Wednesday, April 22, 2009

Guest Blogger: Pamela Merchant

It's IntLawGrrls' great pleasure today to welcome a most timely guest post from our colleague Pamela Merchant (left).
Pamela is Executive Director of the Center for Justice and Accountability, an 11-year-old, San Francisco-based nongovernmental organization that promotes human rights through means including litigation against persons accused of committing torture.
An honors graduate of Georgetown University and Boston College School of Law, Pamela has 20 years' experience in the practice of complex state and federal litigation. She served for 8 years as a federal prosecutor with the U. S. Department of Justice, Criminal Division, where she specialized in white collar prosecutions. More recently, she was Special Counsel to the California Attorney General where she coordinated the affirmative litigation that the state filed in connection with the California energy crisis. She has also been a civil prosecutor for the Commonwealth of Massachusetts, and has represented clients in private practice. Immediately before joining CJA, she represented the San Francisco in energy and telecommunications matters.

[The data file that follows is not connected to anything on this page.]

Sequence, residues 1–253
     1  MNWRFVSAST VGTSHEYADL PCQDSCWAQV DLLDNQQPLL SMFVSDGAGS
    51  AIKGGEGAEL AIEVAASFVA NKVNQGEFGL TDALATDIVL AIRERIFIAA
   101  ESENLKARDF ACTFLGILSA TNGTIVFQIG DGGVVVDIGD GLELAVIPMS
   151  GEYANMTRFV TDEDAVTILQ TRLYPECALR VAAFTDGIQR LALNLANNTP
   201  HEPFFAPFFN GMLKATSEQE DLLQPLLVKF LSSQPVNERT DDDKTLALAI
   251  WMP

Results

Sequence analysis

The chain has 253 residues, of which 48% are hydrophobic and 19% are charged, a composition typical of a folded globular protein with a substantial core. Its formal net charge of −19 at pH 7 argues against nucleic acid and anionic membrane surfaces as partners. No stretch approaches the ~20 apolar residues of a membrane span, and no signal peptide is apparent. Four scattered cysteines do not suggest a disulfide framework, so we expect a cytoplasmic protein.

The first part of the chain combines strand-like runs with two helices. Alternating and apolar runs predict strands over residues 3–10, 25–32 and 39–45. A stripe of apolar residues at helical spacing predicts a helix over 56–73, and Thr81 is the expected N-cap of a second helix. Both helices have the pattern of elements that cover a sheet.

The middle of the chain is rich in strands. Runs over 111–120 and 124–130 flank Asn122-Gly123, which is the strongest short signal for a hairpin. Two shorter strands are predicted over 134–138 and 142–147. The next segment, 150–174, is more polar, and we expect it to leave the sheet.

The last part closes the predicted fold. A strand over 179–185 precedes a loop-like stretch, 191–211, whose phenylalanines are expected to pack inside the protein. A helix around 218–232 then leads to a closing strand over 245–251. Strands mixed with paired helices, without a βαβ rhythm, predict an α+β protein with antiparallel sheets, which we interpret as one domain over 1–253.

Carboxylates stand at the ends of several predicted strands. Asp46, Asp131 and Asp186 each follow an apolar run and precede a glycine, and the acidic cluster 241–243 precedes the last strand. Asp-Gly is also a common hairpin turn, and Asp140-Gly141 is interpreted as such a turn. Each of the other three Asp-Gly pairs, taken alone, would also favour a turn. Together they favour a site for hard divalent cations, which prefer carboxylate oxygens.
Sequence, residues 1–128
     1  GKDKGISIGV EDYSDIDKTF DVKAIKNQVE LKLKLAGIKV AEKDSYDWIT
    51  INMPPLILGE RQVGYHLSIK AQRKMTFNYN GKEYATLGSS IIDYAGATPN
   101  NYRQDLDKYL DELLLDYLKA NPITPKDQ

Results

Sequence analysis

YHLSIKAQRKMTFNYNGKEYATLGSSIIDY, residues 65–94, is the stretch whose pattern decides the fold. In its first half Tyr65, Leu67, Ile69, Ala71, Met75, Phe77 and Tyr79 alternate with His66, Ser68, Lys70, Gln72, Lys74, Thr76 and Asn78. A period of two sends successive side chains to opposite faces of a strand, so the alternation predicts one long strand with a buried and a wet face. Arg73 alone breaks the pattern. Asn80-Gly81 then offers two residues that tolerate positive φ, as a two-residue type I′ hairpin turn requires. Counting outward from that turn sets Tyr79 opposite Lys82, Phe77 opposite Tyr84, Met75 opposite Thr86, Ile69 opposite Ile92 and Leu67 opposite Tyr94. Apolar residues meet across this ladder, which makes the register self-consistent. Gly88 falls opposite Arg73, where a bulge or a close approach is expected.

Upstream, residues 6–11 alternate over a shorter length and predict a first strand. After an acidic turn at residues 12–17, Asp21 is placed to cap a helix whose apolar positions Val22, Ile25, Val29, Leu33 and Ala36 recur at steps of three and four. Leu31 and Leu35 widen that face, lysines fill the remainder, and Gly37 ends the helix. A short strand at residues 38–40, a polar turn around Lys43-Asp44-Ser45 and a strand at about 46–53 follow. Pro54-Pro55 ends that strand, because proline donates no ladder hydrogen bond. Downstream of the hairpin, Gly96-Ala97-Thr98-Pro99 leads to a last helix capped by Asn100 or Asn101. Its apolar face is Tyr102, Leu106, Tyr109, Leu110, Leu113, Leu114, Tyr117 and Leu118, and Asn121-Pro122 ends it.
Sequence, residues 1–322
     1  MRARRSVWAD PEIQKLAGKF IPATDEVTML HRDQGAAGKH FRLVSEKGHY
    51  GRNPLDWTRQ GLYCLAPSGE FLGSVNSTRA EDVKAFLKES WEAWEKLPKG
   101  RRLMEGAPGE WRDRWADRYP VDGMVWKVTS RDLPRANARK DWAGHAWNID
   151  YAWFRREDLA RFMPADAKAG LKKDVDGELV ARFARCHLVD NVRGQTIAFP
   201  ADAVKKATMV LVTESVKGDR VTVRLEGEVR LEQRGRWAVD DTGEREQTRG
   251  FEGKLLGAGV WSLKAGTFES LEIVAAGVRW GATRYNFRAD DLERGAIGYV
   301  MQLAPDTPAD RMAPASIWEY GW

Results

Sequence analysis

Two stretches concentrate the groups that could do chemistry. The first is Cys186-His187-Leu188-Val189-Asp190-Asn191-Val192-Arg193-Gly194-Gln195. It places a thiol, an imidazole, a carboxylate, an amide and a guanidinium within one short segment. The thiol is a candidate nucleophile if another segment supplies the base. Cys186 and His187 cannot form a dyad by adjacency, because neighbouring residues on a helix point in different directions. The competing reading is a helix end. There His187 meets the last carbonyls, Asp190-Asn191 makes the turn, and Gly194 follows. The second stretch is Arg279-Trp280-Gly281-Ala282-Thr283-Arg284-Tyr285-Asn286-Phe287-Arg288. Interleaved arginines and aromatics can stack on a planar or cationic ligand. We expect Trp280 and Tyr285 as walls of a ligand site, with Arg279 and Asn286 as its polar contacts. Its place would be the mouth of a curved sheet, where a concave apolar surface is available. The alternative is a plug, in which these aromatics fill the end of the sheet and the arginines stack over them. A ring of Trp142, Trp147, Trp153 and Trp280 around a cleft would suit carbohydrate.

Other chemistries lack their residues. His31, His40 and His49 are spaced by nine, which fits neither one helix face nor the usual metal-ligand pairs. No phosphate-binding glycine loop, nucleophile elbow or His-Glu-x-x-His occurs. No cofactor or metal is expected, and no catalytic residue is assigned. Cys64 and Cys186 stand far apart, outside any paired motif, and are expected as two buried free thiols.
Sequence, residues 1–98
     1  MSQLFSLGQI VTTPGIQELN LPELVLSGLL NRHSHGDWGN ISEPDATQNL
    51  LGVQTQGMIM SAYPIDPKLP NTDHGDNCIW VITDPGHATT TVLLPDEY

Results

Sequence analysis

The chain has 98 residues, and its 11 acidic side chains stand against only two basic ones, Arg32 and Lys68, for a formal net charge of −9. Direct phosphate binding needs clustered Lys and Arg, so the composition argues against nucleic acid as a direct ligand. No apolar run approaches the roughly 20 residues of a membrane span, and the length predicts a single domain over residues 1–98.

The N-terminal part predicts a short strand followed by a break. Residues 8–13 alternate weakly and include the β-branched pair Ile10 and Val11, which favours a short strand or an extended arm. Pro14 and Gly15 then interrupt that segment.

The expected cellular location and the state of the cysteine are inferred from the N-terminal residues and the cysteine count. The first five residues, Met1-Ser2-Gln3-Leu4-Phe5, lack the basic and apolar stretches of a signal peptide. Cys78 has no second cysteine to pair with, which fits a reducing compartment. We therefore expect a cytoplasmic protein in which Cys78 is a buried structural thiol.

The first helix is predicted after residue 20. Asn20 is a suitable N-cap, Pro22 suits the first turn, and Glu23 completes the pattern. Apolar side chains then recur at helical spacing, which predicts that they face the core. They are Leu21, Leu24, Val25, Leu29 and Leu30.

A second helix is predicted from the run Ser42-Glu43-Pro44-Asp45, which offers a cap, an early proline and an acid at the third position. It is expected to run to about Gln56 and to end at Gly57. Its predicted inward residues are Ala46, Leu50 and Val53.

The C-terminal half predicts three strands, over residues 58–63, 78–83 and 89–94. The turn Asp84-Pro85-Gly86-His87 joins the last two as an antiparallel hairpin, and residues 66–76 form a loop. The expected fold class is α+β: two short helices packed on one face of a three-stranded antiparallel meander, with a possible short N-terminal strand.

A member of the Board of Directors of the International Gay and Lesbian Human Rights Commission, the Northern California Community Loan Fund, and Continuum (which provides innovative services to low income individuals living with HIV/AIDS), Pamela recently completed a 3-year term on the board of Bay Area Lawyers for Individual Freedom. She was the founding President of a Massachusetts non-profit which provides financial services to lo- income elderly individuals, and was a member of the Expert Review Panel for the City of San Francisco’s Department on the Status of Women, Violence Against Women Grant Program. For many years she was a member of the Board of Directors of Gay and Lesbian Advocates and Defenders (GLAD), of which she also served as President.
In her guest post below, Pamela discusses the recently released "torture memos" in relation to CJA's ex-detainee clients, and argues that the United States should move now toward accountability at home.
Heartfelt welcome!

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